Revised Treatment of Incomplete or Inadequate Prime Contractor Cost
The Defense Contract Audit Agency (“DCAA”) issued revised guidance on the treatment of incomplete or inadequate prime or higher-tier (hereinafter referred to as “prime”) contractor cost or price analyses during a forward pricing proposal audit. This new guidance, effective immediately, cancels the previous guidance established in 2009 and in 2017. Federal Acquisition Regulation (“FAR”) 15.404-3(b) requires the prime or higher-tier contractor to conduct cost or pricing analyses to establish reasonableness of the proposed subcontractor costs. Under the previous guidance, if the prime contractor did not complete and submit the required subcontractor cost or price analyses with its own proposal, DCAA classified. Read More.
GSA Consolidating Multiple Award Schedules into One Schedule
On November 27, 2018, the General Services Administration (“GSA”) announced that it will simplify its multiple award schedule (“MAS”) offerings by consolidating the 24 schedules now in use to a single schedule. GSA’s goals in doing so are to improve customer service, make it easier for small businesses to access the schedules program, and reduce duplication for vendors. The transition into a single schedule will take place over the next two fiscal years and will consist of two phases. The first phase will take place in fiscal 2019, and it will focus on developing the consolidated schedule and shutting down. Read More.
Congress Extends Size Computation Period for Revenue Based Size Standards to Five Years
For government contracting purposes, there are two tests for determining whether a concern is a small business, a revenue test and an employee test. For the revenue test, SBA rules (13 CFR §121.104) have required that a concern’s size status be determined by the average revenue of the concern and all its affiliates for the last three fiscal years of the concern. This revenue test was based on a section of the Small Business Act, 15 U.S.C. §632, which provides in part that no Federal department or agency may prescribe a size standard for categorizing a business concern as a. Read More.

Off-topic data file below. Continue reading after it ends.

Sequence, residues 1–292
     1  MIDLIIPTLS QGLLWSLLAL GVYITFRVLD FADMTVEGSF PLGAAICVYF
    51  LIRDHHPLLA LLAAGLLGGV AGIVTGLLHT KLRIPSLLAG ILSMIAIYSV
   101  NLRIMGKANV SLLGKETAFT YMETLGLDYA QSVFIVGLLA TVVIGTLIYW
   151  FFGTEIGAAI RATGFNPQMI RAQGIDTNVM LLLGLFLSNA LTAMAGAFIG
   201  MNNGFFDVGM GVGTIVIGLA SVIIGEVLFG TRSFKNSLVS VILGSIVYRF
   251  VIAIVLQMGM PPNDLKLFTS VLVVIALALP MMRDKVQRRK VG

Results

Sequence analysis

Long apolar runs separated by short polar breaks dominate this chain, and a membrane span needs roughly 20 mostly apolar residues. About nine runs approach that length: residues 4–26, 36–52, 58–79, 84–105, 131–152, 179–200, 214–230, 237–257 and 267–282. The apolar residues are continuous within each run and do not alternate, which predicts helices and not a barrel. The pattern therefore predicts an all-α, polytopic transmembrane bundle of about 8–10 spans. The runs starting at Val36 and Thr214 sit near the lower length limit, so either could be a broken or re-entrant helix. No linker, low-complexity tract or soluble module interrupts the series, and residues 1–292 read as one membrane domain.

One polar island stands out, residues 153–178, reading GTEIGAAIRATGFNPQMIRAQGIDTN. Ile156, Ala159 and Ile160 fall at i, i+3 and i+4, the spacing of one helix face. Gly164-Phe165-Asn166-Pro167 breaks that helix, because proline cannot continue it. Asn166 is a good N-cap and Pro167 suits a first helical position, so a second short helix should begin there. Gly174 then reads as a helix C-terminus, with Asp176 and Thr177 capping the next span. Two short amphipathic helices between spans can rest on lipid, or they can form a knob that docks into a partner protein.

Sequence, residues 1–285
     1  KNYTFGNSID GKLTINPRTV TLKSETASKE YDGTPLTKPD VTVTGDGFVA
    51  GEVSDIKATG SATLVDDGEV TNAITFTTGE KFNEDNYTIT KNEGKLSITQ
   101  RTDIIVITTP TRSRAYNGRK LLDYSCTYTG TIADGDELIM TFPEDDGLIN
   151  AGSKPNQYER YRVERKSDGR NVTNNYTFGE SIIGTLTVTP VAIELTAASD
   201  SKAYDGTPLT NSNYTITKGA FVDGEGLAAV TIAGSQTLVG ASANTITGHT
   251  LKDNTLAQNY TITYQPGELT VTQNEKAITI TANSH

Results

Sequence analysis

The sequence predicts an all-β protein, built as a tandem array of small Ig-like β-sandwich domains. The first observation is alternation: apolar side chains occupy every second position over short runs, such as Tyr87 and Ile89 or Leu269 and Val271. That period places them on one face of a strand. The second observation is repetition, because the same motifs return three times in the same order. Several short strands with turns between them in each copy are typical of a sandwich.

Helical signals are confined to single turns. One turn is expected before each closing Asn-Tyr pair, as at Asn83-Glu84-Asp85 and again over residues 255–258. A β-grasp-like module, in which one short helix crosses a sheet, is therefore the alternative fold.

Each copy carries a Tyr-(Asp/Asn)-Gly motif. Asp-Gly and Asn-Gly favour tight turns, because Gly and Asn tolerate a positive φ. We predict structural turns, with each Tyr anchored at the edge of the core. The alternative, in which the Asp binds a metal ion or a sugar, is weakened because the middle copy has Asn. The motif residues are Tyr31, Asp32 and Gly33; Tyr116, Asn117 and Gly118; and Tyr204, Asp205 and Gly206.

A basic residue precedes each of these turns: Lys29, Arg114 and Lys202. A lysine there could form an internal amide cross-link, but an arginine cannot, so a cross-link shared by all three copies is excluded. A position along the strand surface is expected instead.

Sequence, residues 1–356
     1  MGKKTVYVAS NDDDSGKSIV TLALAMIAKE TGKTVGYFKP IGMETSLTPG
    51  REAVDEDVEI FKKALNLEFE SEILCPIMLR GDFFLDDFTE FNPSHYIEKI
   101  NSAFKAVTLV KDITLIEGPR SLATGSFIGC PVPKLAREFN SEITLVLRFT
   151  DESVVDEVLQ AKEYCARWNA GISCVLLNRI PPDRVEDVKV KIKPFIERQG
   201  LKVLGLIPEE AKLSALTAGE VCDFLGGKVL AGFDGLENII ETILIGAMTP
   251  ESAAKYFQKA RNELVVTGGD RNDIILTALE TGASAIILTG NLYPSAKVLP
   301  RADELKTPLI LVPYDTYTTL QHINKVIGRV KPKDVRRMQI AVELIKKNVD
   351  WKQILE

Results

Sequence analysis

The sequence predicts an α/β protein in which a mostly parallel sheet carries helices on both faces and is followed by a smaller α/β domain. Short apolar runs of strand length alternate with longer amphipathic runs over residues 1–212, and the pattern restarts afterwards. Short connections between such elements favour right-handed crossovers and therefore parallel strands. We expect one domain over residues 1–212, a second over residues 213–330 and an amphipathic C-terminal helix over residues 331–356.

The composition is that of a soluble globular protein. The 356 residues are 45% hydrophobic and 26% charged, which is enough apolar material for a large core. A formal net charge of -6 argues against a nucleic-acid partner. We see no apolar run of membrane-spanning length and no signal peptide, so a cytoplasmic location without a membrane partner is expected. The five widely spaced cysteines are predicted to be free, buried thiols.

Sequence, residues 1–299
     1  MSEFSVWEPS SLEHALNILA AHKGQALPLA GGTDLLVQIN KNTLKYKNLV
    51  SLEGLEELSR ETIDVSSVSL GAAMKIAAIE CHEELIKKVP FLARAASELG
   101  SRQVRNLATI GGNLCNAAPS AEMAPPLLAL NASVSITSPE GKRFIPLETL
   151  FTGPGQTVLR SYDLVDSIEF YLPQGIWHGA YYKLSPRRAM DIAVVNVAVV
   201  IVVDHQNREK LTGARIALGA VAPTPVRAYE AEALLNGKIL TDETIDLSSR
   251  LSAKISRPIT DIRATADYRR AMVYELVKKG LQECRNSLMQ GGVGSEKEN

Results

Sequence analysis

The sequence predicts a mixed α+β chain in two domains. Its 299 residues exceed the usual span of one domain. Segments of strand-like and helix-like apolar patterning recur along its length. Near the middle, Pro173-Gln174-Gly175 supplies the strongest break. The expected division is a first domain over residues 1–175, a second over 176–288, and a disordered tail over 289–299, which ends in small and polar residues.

Important New Acquisition Provisions in the 2019 NDAA
By: Eric Poppe , Senior Manager The John S. McCain 2019 National Defense Authorization Act (“NDAA”) was signed into law on August 13, 2018. It includes several broad provisions on acquisitions and compliance for both the Department of Defense and the overall Federal government. Below are some key provisions that impact contractors. Under Section 820, the Secretary of Defense is now required to submit a new report to congressional defense committees. This report will provide definitions of service contracts, as well as outline the policies, roles and procedures for individuals involved in the acquisition of services. Section 822 requires the Secretary of. Read More.
Important New Cyber Provisions in the 2019 NDAA
By: Curt Smith , Manager and Neal Beggan , Principal The National Defense Authorization Act for Fiscal Year 2019 (“NDAA” or “the Act”) was signed into law on August 13, 2018. The 2019 NDAA includes several broad provisions on cybersecurity that will interest government contractors. Generally, the Act in Section 1636 establishes a more aggressive policy on cyberspace, cybersecurity, cyber warfare, and cyber deterrence stating that the U.S. should “employ all instruments of national power, including the use of offensive cyber capabilities, to deter if possible, and respond to when necessary, all cyber attacks or other malicious cyber activities of foreign powers that target. Read More.
Section 199A: Detailed New Proposed Regulations and Their Impacts on Government Contractors
By: John Carpenter , Principal and Rick Schneider , Partner The Treasury Department and the Internal Revenue Service recently issued proposed regulations on the new Section 199A pass-through deduction created by the Tax Cuts and Jobs Act, available for tax years beginning after December 31, 2017, and before January 1, 2026. Section 199A is a wholly new regime established to generate a non-cash tax deduction to alleviate the disparity between the 37% individual tax rate and the new 21% corporate tax rate. Section 199A permits a deduction of up to 20% of qualified business income (“QBI”) from a domestic pass-through business, plus 20% of. Read More.